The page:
Is the name Art Tatum familiar to you?
Those in the know still speak of Art Tatum as “the apotheosis of classic jazz piano–an intimidating, surpassing player in virtually every area.”
The amazing thing is that this prodigy was virtually blind from birth.
He was born in Toledo, Ohio in 1909. The vision in his left eye was impaired and there was none in his right. After some initial formal musical training, he was largely self-taught, learning to read sheet music with special glasses as well as by the Braille method. Piano rolls, commercial recordings, radio broadcasts, and contact in his formative years with various musicians in the Toledo and Cleveland areas all contributed to his musical development.
He sealed his reputation as a virtuoso pianist soon after his arrival in New York in 1932, especially among Harlem stride piano players like Fats Waller and James P. Johnson. Playing in one of the legendary “cutting contests,” he blew away the competition with his hyperkinetic rendition of “Tea for Two.”
Word spread fast. A few years later the young Charlie Parker, freshly arrived in the City in 1939, took a dishwashing job at $9.00 a week at Jimmy’s Chicken Shack in Harlem just so he could hear his hero play nightly. It’s no accident that many of the defining characteristics of Parker’s later bebop sound owe quite a debt to to Art Tatum.
Other forward-looking saxophone players also creatively adapted many of Tatum’s piano techniques, among them Coleman Hawkins, Don Byas, and John Coltrane.
What Tatum’s legacy represents–aside from his absolutely phenomenal command of the instrument, light touch and astounding speed–is a synthesis of early stride piano and touches of French impressionist sound with modernist harmonic and rhythmic innovations that were essential to an emerging bebop style.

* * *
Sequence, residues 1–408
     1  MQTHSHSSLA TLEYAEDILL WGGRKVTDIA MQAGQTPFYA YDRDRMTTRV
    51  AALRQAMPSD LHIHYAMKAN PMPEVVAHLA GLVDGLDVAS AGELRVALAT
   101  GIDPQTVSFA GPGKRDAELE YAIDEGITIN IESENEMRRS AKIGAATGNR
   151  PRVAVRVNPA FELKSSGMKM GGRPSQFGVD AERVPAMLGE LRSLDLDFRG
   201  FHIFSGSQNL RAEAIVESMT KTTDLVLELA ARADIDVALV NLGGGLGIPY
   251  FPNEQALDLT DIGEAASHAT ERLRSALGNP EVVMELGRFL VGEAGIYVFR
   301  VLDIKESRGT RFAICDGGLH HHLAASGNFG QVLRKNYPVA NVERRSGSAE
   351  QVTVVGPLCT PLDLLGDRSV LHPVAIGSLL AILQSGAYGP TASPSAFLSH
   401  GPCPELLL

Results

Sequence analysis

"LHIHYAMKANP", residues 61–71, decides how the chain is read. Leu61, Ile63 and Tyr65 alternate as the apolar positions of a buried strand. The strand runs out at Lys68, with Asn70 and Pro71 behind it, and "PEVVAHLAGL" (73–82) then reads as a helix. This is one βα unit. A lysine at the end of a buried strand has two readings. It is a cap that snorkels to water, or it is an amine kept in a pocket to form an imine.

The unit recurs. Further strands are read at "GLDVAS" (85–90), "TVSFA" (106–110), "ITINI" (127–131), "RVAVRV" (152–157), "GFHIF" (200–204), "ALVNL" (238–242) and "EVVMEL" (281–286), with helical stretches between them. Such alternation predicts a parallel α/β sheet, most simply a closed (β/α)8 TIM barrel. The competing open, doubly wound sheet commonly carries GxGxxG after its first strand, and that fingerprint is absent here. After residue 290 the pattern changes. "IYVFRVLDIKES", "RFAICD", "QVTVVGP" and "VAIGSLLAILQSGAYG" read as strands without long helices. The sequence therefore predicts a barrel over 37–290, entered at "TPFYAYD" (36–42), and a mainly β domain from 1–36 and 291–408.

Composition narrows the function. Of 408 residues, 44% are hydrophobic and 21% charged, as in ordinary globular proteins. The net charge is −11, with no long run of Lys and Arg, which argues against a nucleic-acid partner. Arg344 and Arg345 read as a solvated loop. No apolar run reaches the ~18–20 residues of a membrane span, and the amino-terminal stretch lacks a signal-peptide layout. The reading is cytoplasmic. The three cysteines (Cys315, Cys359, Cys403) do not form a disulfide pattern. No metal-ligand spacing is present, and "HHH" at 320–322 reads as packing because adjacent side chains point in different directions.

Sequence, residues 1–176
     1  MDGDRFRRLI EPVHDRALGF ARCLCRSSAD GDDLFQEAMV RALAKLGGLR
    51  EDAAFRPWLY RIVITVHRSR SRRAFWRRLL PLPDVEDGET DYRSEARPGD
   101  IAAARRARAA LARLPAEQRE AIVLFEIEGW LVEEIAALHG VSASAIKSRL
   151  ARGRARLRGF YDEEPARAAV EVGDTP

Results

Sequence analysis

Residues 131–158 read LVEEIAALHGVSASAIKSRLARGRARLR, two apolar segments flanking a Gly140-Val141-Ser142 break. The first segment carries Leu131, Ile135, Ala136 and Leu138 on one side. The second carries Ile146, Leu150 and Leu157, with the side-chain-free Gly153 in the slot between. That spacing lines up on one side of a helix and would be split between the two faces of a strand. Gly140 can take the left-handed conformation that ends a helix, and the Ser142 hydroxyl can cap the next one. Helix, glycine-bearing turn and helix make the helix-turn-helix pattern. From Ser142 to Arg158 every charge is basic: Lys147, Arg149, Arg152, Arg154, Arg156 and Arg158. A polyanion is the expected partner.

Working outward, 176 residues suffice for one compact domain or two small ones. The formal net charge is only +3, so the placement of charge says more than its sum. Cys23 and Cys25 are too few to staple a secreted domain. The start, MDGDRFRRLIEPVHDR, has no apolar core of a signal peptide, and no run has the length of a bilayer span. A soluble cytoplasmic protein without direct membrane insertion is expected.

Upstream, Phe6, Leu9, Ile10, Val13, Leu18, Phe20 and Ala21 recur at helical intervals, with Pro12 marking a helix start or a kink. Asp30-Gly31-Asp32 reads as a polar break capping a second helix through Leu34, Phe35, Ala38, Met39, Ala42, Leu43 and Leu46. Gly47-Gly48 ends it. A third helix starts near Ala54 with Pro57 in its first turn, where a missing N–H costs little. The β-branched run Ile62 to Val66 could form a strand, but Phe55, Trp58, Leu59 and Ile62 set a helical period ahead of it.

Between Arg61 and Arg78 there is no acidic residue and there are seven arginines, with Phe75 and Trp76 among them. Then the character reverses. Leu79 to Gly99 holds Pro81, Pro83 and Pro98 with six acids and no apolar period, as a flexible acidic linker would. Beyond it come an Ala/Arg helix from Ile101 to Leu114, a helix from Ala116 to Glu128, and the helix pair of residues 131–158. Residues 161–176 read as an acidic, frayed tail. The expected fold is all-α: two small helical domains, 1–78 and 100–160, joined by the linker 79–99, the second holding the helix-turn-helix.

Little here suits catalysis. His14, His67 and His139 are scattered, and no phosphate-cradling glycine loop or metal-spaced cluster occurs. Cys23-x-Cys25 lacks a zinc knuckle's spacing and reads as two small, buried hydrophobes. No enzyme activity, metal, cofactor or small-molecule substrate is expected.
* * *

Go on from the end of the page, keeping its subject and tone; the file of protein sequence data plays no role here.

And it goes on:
For the next thirty-something years, until his death from uremia in 1956, Tatum challenged himself to grow. He was a formidable presence as a soloist, working his magic on the popular song repertory in particular. He was heard on radio, in recordings, and in the clubs of New York, Hollywood and Chicago, and in Europe, with a sprinkling of performances at such venues as New York’s Metropolitan Opera House, not to mention a cameo appearance in the 1947 movie The Fabulous Dorseys. In addition, for a time, he was the driving force in a trio where he was joined by Tiny Grimes on guitar and Slam Stewart on bass.
Cornetist and trumpet player, Rex Stewart, distills the essence of Tatum’s legacy in these words:
“One of the most significant aspects of Tatum’s artistry stemmed from his constant self-challenge. At the piano, Art seeming
delighted in creating impossible problems from the standpoint of harmonies and chord progressions. Then he would gleefully
improvise sequence upon sequenceuntil the phrase emerged as a complete entity within the structure of whatever composition
he happened to be playing.”
We are left to ponder the mystery of a genius that triumphed over what could have been crippling obstacles. What would Tatum’s auditory cortex have looked like ? How to explain his spatial sense, the astounding command of 88 keys, the fluid runs, the effortless cascades of notes in spite of such limited eyesight?
In one sense, his vision was pathetically weak; in another, it was magnificently powerful.
If you would like to learn more about Art Tatum, check out this Documentary Portrait: The Art of Jazz Piano